As Puerto Ricans sought help in restoring power to the people, for green energy enthusiasts, the destruction of Hurricane Maria was an opportunity to rethink – not just rebuild – Puerto Rico’s energy infrastructure by going off-grid with solar energy.

Puerto Rico has a once in a lifetime opportunity to rethink how it gets electricity”, wrote Earther journalist, Brian Kahn; “Solar industry wants to build Puerto Rico’s grid of the future” was the Bloomberg headline. Even the energy and environment minister for the Maldives, Thoriq Ibrahim, weighed in: “Puerto Rico hurricane shows islands must have renewable energy,” he wrote. Elon Musk has been one of the more prominent players in the space, with his company Tesla offering solar systems and batteries.

While any move away from fossil fuels is welcome, we need to think bigger about what resilience could mean for Puerto Rico. There’s an even larger opportunity here to transform Puerto Rico, where before the natural disaster happened, an economic and social crisis has been playing out for nearly a decade.

Puerto Rico’s economy has been in recession for over 10 years, the population is in drastic decline and the household income is less than half of what it is in the poorest US state. All the while, the island’s debt burden continues to grow, making private firms very rich. A resilient Puerto Rico needs not just a new grid but a new economic system, one that is localised and community driven, with Puerto Ricans owning and managing those resources.

This is not a vision that Puerto Ricans are waiting for the wider world to bring to them. Ángel Figueroa Jaramillo, head of Utier, the electrical workers’ union in Puerto Rico, told reporters “solar power and wind power in Puerto Rico is really the key to the future of the island’s energy independence”, adding that “all the alternatives have to be owned by the community”.

The benefits of community ownership are clear when the evidence shows that some of the most resilient communities following the hurricane were cooperatives such as the Cooperativa de Vivienda Ciudad Universitaria. The co-op is a community of over 1000 people, who as the Orlando Sentinel reported, “learned to formalise the neighbour-to-neighbour mentality so well that in situations of crisis – such as this one – they don’t have to wait for the government to show up or feel the need to flee”.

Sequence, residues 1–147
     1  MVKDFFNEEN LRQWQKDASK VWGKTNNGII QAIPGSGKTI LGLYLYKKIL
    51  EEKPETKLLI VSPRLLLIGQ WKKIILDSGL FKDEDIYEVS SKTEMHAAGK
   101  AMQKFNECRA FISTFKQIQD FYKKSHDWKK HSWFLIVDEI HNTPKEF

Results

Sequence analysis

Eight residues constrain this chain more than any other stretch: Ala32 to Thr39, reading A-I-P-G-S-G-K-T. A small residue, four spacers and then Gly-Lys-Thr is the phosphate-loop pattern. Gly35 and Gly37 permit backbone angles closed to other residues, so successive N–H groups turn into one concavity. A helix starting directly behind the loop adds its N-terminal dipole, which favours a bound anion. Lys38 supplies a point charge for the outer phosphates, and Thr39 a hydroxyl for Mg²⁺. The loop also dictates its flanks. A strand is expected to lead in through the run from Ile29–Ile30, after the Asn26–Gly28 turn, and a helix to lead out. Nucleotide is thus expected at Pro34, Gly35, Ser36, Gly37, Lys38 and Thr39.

Thinking even more radically, the gains of a commons-based solar network, could be extended by advocating that dividends from any energy sold back to the grid could be redistributed to every Puerto Rican as a basic income.

NUMSA and United Front Joint Memorandum on the Eskom tariff increase

By Irvin Jim, Trevor Ngwane, and Lindiwe Malindi - NUMSA, December 1, 2017

The National Union of Metal Workers (NUMSA) and the UNITED FRONT (UF) are extremely dismayed by the opportunistic call made by the Eskom board and its management to increase the electricity tariff by 19.9%. We view this demand by Eskom as nothing more than a gross abuse of power, and an attempt by the State Owned Entity (SOE) to hold the entire country and the economy hostage. This is being done by an entity which has been moving from one scandal to another with absolutely no leadership. In fact, it is extremely shocking that in a period of just two years, Eskom has changed CEO’s three times, and its CFO, Anoj Singh, has been suspended under a cloud of corruption and mismanagement allegations. But the same company and its board have the audacity to make an outrageous demand for a 19.9% tariff increase. They have no regard for the catastrophic implications which will trigger a national crisis of plant closures of small, medium and large companies; as well as causing retrenchments in all big companies. It will in fact destroy all opportunities to stimulate real economic growth and jobs.